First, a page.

Table 4
Summary of previous studies on terminal dribbling
Source
Study sample
Prevalence
Questionnaires used
Definition of terminal dribbling
Remark
Boyarsky et al. (1977) 4
Not a clinical study
Not determined
A pilot questionnaire with 10 items
No specific definition of terminal dribbling.
Suggested a guideline with a 10 item questionnaire including terminal dribbling.
Garraway et al. (1991) 20
Community sample
45 %
A pilot questionnaire by Fowler 16
Patients were asked to rate the frequency of dribbling after urination. (Confusion with post-void dribbling)
Uroflowmetry and transrectal ultrasonography were done. Undetermined impact of terminal dribbling
Meyhoff et al. (1993) 12
LUTS patients
Not determined
DAN-PSS-1
“Do you experience dribbling after voiding, when you feel you have finished urination?” (Confusion with post-void dribbling)
Post-void dribbling was aggravated after transurethral prostatectomy.
Chute et al. (1993) 13
Community sample
36–44 %
A pilot questionnaire by Epstein 18
“Dribbling after urinating.” (Confusion with post-void dribbling)
Uroflowmetry and transrectal ultrasonography were done. Terminal dribbling was noted to be bothersome.
Reynard et al. (1996) 6
LUTS patients
44 % in questionnaire, 27 % in uroflowmetry
Not determined
“Does your urinary stream end with a dribble?” Gradient of a line drawn between the maximum flow rate and the end of flow was <0.25 and if, in the terminal 15 s of uninterrupted flow, the flow rate did not exceed 5 ml/s at any point.
Pressure-flow study was done. Terminal dribbling on questionnaire was not related to BOO defined by pressure-flow study.
Hughes et al. (2000) 1
Community sample
35 %
ICS male questionnaire
“Do you have any trickle/dribble at the final part of micturition?”
Terminal dribbling was the single- most bothersome symptom.
Scarpa et al. (2001) 2
LUTS patients
88 %
ICS male questionnaire
“Do you have any trickle/dribble at the final part of micturition?”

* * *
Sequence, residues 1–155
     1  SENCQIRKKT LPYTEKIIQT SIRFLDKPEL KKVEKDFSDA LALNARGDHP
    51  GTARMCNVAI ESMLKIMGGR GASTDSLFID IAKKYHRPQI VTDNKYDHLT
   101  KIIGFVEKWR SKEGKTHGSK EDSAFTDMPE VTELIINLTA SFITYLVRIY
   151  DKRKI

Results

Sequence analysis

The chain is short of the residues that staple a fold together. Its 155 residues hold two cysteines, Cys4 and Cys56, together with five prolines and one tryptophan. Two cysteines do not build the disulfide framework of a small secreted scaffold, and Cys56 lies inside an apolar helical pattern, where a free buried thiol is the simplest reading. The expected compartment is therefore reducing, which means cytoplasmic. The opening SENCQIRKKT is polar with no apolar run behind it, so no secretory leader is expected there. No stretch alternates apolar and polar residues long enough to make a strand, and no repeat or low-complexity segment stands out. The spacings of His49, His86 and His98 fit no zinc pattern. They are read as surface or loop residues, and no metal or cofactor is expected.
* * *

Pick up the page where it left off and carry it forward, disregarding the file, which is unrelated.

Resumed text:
Terminal dribbling was the both most common and bothersome symptom
Jin et al. (2003) 3
LUTS patients
85.6 %
ICS male questionnaire
“Do you have any trickle/dribble at the final part of micturition?”
Translated questionnaire in Korean. Pressure-flow study was done. IPP was not checked.
Yano et al. (2004) 16
LUTS patients
Not determined
Saitama Prostate Symptom Score
“Do you experience dribbling after voiding, when you feel you have finished urination?”
Validation study with IPSS. Pressure-flow study was done. Undetermined impact of terminal dribbling.
Shiri et al. (2005) 14
Community sample
52 %
DAN-PSS-1 20
“Do you consider your urinary stream as dribbling?”
Relationship between LUTS and ED. Terminal dribbling was related to ED.
LUTS = lower urinary tract symptoms; ICS = International Continence Society; BOO = bladder outlet obstruction; IPSS = International Prostate Symptom Score; IPP = intraprostatic protrusion; DAN-PSS-1 = Danish Prostate Symptom Score; ED = erectile dysfunction
Although few studies have been perform to investigate TD, high rates have been observed in patients with LUTS in both Western and Asian populations [ 2, 4, 19]. The ICS–‘BPH’ study reported 91–96 % of symptom prevalence of TD in BPH patients and 73–79 % in community people by ICS male questionnaire [ 4]. Korean study using translated version of ICS male questionnaire also showed that 86 % of male patients with LUTS had the symptom of TD, which was the second most common symptom even though TD has not been regarded as a bothersome symptom [ 2]. In addition, the reported prevalence of TD in elderly men was less than that of middle aged men [ 4]. This may imply that TD is an early obstructive symptom and that the patients with TD get used to this symptom as time passes by. Interestingly, our results were consistent with the previous study that the prevalence of TD in male LUTS patients was higher in their 60’s compared with in their 50’s and 70’s. TD does not seem to be the sign of the early stages of LUTS because IPSS total score and IPSS QoL score in TD group were significantly higher than those in non-TD group.